Film, Writing

Film Review: I AM GRETA (2020)

★ ★ ★

Greta Thunberg is, to put it mildly, what we might describe in the U.K. as a ‘Marmite figure’.
To others, polarising would be the better word. Ever since Thunberg sat down in the middle of her hometown of Stockholm with a painted sign saying (in Swedish) ‘School Strike for Climate’, removing herself from education to raise awareness about climate change and global inaction, she has won almost as many detractors as fans. Nathan Grossman’s film, you suspect, wants you to believe more of the world is with Greta and her cause than the opposite. I Am Greta is not exactly a hagiography but it is sympathetic, on multiple fronts; a documentary that follows the 15-year old girl with Asperger’s Syndrome on a remarkable journey over less than three years, but which oddly feels longer.
The issue with I Am Greta, no matter how openly it presents its protagonist, is that it won’t do precisely what Thunberg is devoting her life to: changing minds.
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Film, Writing

Film Review: THE SOCIAL DILEMMA (2020)

You will almost certainly find many viewers decry Netflix’s eye-opening documentary The Social Dilemma as hysterical polemic; an over the top rebuke of our Information Age. Like everything else around us right now, the content will polarise.

It is an extension of arguments that thinkers and writers such as Shoshana Zuboff (who appears here as a marvellously coiffured talking head) have been making for some time about the perils of surveillance capitalism. That our dominant, all-pervasive big tech platforms—Facebook, Twitter, TikTok, Reddit etc…—deal in, as Zuboff describes it, “human futures”. Rather than we as a society using social media as a tool to communicate, learn and principally buy, we rather are the tool of almost artificially intelligent algorithms that understand more about our psychology and habits than anyone in our lives, and even we as individuals could possibly understand. We are the commodity. And the result is that our entire fabric of society is being controlled and fundamentally broken by this machine-led, money-driven system.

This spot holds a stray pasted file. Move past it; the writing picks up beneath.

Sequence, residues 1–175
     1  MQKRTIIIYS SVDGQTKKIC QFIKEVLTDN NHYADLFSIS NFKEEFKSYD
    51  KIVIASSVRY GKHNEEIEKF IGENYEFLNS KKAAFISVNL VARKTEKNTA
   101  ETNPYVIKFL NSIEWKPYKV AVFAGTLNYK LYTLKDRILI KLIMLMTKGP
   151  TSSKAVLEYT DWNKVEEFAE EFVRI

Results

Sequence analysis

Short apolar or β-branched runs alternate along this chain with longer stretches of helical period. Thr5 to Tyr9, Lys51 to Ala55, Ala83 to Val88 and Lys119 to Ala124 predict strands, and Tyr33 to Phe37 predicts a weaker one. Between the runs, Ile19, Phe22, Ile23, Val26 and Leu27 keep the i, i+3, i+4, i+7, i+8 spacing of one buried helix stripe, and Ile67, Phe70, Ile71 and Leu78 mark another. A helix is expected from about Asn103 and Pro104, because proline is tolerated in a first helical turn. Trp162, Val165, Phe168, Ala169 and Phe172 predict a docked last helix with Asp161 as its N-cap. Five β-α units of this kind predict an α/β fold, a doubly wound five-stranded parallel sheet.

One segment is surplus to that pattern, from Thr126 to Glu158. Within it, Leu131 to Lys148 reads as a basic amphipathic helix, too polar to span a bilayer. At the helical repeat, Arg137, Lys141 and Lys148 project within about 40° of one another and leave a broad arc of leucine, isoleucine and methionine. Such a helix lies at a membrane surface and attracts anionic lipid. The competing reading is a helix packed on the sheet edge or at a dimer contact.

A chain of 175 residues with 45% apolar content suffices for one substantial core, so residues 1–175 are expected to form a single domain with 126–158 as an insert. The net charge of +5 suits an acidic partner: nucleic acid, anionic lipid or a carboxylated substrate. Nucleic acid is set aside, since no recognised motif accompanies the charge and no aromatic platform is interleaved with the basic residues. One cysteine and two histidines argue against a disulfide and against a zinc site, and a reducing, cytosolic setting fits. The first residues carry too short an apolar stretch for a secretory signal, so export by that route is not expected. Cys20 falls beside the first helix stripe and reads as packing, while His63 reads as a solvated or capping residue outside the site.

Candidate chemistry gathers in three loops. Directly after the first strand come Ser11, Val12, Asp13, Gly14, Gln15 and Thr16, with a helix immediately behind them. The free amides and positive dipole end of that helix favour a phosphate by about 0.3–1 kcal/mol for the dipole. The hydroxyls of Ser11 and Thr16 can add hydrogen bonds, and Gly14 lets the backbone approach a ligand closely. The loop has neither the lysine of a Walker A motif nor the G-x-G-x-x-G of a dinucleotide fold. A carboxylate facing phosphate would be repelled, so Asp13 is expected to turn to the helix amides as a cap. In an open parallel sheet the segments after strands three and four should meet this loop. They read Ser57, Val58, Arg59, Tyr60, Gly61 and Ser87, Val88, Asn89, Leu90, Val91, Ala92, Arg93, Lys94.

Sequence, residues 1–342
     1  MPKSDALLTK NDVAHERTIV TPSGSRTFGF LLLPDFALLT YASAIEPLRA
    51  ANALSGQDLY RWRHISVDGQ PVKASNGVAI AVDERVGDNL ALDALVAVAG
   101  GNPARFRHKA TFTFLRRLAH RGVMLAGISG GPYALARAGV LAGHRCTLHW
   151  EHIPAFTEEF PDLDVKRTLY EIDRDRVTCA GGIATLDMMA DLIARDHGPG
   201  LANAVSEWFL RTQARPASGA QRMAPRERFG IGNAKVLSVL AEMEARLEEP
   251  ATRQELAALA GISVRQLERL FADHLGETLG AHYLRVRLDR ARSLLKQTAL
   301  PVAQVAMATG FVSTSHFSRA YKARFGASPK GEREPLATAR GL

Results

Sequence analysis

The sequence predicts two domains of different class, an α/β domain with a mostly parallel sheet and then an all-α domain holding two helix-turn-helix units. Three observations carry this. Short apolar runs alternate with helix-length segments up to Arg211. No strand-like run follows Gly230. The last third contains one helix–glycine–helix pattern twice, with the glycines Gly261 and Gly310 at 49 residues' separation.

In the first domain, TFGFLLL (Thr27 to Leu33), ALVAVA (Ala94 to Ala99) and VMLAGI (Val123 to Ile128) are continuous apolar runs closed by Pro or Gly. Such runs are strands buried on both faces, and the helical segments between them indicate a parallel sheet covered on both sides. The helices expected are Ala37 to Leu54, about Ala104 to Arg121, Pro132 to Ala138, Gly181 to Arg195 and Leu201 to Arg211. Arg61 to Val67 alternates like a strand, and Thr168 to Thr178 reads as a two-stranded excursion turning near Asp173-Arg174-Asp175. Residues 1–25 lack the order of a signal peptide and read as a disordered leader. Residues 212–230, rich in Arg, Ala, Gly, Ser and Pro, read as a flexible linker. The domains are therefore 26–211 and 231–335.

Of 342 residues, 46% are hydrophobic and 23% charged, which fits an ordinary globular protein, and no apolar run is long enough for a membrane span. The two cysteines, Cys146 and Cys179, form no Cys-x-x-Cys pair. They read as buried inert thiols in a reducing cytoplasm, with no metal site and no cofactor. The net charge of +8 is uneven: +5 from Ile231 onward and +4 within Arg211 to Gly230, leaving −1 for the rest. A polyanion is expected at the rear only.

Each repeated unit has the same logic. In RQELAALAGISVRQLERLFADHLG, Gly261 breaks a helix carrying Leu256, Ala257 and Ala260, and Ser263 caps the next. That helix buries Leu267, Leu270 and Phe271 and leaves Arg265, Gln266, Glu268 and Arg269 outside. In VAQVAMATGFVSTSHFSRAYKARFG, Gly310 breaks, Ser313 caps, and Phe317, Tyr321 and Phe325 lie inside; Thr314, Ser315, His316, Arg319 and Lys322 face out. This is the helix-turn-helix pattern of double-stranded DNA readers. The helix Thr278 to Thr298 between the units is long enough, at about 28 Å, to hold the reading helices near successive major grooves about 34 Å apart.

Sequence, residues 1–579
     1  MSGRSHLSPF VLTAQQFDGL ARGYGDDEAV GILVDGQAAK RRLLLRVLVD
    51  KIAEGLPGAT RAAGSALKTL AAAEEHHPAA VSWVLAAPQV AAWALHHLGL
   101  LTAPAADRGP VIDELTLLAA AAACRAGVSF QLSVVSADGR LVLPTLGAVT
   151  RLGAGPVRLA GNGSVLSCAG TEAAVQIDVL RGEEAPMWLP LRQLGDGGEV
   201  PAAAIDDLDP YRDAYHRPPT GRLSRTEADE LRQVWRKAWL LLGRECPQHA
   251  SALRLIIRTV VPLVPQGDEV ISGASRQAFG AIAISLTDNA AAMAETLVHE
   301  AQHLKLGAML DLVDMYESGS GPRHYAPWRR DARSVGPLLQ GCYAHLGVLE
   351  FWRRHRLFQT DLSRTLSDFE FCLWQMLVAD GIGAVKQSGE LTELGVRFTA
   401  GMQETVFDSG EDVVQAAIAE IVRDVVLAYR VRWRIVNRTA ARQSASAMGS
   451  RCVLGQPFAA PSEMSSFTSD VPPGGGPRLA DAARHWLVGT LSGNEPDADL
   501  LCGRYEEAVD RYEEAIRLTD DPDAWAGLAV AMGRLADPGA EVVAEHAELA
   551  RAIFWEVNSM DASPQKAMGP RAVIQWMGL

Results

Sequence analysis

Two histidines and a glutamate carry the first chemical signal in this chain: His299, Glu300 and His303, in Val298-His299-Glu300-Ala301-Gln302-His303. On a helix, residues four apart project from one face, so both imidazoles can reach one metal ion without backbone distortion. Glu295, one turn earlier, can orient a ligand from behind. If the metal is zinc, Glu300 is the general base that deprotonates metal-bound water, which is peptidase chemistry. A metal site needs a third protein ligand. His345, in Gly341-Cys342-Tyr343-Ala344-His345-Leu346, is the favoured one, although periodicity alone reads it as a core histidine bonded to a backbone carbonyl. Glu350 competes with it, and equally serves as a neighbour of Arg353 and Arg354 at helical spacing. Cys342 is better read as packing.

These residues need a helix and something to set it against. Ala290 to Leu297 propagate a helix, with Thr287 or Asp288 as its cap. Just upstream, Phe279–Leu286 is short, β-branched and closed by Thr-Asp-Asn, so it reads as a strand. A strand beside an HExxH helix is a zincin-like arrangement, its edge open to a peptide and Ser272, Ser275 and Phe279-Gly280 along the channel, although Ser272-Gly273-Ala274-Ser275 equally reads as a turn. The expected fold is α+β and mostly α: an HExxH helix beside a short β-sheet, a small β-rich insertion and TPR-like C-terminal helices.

The Social Dilemma packages up ideas that you may well have heard before into an effective, streamlined docu-drama, one that plays as much like a horror movie at times in how it pushes our buttons to be afraid, very afraid, of Big Tech and their manipulation of human existence. Some, therefore, will find it hyperbolic and perhaps even simplistic. It is a film with a clear agenda, one designed to influence us in the manner the networks it decries itself does. Netflix is, technically, no better. After watching the movie, I automatically pressed the thumbs up button and rated it. I therefore sent data off to Netflix’s servers which will influence what their algorithm shows me on the “you might also like…” screen. There is an irony about that that the makers of The Social Dilemma might not have appreciated.

Yet it speaks to how I, as much as you reading most likely, remain a willing cog in the manipulation machine. How do I use social media? And could I detach from it completely? These are the questions I’ve been asking since I finished The Social Dilemma.

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